Quotation Saturday: C+

quotation saturday, mamacita's blog, jane goodwin Mamacita says: I used to file my quotations away in alphabetical order, until I realized that a good quotation isn’t really fileable that way. A good quotation contains too many variables, some obvious, but even more that are so subtle we aren’t even sure what they are.

The subtle variables are why the good quotations have such an effect on us.

1.  I do not love him because he is good, but because he is my little child.  — Tagore

2.  One of the best things about a very little child is that he never thanks you for doing things for him – he is so sure you want to.  — Maurice Horspool

3.  In the little world in which children have their existence, whosoever brings them up, there is nothing so finely perceived and so finely felt, as injustice.  – Dickens

4.  The “C” students run the world.  — Harry Truman

5.  We most always change, renew, rejuvenate ourselves; otherwise we harden.  — Goethe

6.  Consistency is only a paste jewel that cheap men cherish.  — William Allen White

7.  Through the survival of their children, hay parents are able to think calmly, and with a very practical affection, of a world in which they are to have no direct share.  — Walter Pater

8.  One laugh of a child will make the holiest day more sacred still.  — Ingersoll

9.  If at some period in the course of civilization we seriously find that our science and our religion are antagonistic, then there must be something wrong either with our science or with our religion.  — Havelock Ellis

10.  People who complain that they don’t get all they deserve should congratulate themselves.  — Unknown

11.  It takes as much courage to have tried and failed as it does to have tried and succeeded.  — Anne Morrow Lindburgh

12.  Making the simple complicated is commonplace; making the complicated simple, awesomely simple – that’s creativity.  — Charles Mingus

13.  Chance is the pseudonym of God when He did not want to sign.  — Anatole France

14. This is an age in which one cannot find common sense without a search warrant.  — George F. Will

15.  There are many intelligent species in the universe.  They are all owned by cats.  — Anon.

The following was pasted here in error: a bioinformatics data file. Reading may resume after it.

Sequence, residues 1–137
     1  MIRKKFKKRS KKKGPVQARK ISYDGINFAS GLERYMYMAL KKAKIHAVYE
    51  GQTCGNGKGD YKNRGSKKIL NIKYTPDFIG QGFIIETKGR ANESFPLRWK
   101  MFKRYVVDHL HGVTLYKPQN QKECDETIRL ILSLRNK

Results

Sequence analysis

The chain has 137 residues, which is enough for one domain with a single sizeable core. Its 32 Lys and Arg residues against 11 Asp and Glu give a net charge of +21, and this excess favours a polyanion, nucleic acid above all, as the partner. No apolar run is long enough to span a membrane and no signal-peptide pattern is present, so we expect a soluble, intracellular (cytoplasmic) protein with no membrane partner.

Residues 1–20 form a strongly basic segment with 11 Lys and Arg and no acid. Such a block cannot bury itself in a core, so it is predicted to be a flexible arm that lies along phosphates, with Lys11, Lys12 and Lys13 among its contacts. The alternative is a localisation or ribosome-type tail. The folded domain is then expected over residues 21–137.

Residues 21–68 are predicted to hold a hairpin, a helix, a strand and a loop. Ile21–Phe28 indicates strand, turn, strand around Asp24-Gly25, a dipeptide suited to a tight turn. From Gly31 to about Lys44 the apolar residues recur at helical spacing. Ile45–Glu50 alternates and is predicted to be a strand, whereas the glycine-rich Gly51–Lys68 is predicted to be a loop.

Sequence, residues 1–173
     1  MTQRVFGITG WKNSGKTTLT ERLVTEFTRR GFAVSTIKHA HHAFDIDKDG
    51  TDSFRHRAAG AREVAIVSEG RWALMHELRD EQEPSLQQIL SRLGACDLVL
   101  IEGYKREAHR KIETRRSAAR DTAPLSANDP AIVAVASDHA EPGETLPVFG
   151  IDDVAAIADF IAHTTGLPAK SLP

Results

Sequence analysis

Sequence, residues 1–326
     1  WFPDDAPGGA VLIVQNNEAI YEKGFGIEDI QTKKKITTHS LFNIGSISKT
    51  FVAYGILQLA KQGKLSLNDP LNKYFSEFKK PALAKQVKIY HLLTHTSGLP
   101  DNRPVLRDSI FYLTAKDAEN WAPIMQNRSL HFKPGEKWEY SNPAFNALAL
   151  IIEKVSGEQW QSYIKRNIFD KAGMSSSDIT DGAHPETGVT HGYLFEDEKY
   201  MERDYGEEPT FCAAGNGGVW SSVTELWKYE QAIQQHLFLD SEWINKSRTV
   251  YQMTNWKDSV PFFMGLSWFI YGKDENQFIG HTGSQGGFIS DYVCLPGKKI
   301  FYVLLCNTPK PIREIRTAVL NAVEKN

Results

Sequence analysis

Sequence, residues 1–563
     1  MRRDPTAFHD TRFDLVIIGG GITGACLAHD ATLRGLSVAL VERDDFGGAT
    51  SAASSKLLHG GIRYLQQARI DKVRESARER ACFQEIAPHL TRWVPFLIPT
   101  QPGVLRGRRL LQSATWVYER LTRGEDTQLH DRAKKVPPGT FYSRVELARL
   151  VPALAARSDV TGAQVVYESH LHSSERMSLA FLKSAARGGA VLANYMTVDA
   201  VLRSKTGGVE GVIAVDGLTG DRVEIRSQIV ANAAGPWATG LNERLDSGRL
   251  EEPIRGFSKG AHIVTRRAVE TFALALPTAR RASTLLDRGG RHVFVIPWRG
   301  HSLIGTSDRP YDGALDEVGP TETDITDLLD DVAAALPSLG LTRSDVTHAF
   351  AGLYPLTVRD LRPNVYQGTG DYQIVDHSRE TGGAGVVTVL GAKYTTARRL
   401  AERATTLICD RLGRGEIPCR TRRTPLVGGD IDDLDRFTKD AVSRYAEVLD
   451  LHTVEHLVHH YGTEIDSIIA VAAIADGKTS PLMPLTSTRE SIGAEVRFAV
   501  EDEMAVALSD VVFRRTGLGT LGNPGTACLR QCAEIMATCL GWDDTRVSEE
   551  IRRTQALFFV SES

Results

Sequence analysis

16.  There is nobody who totally lacks the courage to change  — Rollo May

17.  The whole difference between construction and creation is exactly this:  that a thing constructed can only be loved after it is constructed; but a thing created is loved before it exists.  — Gilbert Keith Chesterton

18.  Creative minds have always been known to survive any kind of bad training.  — Anna Freud

19.  Only one man can do anything.  One man interacting creatively with others can move the world.  — John W. Gardner

20. Creativity is the art of taking a fresh clean look at old knowledge.  — Unknown

21.  Curiosity is a willing, a proud, an eager confession of ignorance.  — Rubinstein

22.  To comprehend is to forgive.  — Henrietta A. Heathorn

23.  Cynicism is intellectual dandyism.  — George Merideth

24.  If you want to see what your children can do, you must stop giving them things.  — Norman Douglas

25.  No change of circumstances can repair a defect of character.  — Emerson

26.  Loving a child doesn’t mean giving in to all his whims: to love him is to bring out the best in him, to teach him to love what is difficult.  — Nadia  Boulanger

27.  When you blame others, you give up your power to change.  — Anon.

28. If you haven’t any charity in your heart, you have the worst kind of heart trouble.  — Bob Hope

27.  Calculation never made a hero.  — John Henry, Cardinal Newman

28.  If you don’t control your mind, someone else will.  — John Allston

29.  Man is not the creature of circumstances.  Circumstances are the creatures of men.  — Disraeli

30.  Everybody, sooner or later, sits down to a banquet of consequences.  — R.L. Stevenson

31.  An unhappy crew makes for a dangerous voyage.  — Unknown

32.  Character is a victory, not a gift.  — Try Square

33.  Old and young, we are all on our last cruise.  — Robert Lewis Stevenson

34.  Man loves company even if it is only that of a lighted candle.  — Georg Christoph Lichtenberg

35.  People have a custom of excusing the enormities of their conduct by talking of their passions, as if they were under the control of a blind necessity, and sinned because they could not help it.  – Cumberland

36.  On the human chessboard, all moves are possible.  — Miriam Schiff